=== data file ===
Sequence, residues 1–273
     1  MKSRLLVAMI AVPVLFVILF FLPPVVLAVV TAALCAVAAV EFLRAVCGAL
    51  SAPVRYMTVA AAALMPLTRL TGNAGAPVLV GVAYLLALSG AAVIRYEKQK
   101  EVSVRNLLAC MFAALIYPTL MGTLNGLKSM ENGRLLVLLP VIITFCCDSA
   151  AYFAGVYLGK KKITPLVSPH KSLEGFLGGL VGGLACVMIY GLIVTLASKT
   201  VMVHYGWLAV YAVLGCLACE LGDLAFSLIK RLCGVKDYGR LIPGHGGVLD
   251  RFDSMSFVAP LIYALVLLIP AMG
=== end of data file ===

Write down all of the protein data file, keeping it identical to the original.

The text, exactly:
Sequence, residues 1–273
     1  MKSRLLVAMI AVPVLFVILF FLPPVVLAVV TAALCAVAAV EFLRAVCGAL
    51  SAPVRYMTVA AAALMPLTRL TGNAGAPVLV GVAYLLALSG AAVIRYEKQK
   101  EVSVRNLLAC MFAALIYPTL MGTLNGLKSM ENGRLLVLLP VIITFCCDSA
   151  AYFAGVYLGK KKITPLVSPH KSLEGFLGGL VGGLACVMIY GLIVTLASKT
   201  VMVHYGWLAV YAVLGCLACE LGDLAFSLIK RLCGVKDYGR LIPGHGGVLD
   251  RFDSMSFVAP LIYALVLLIP AMG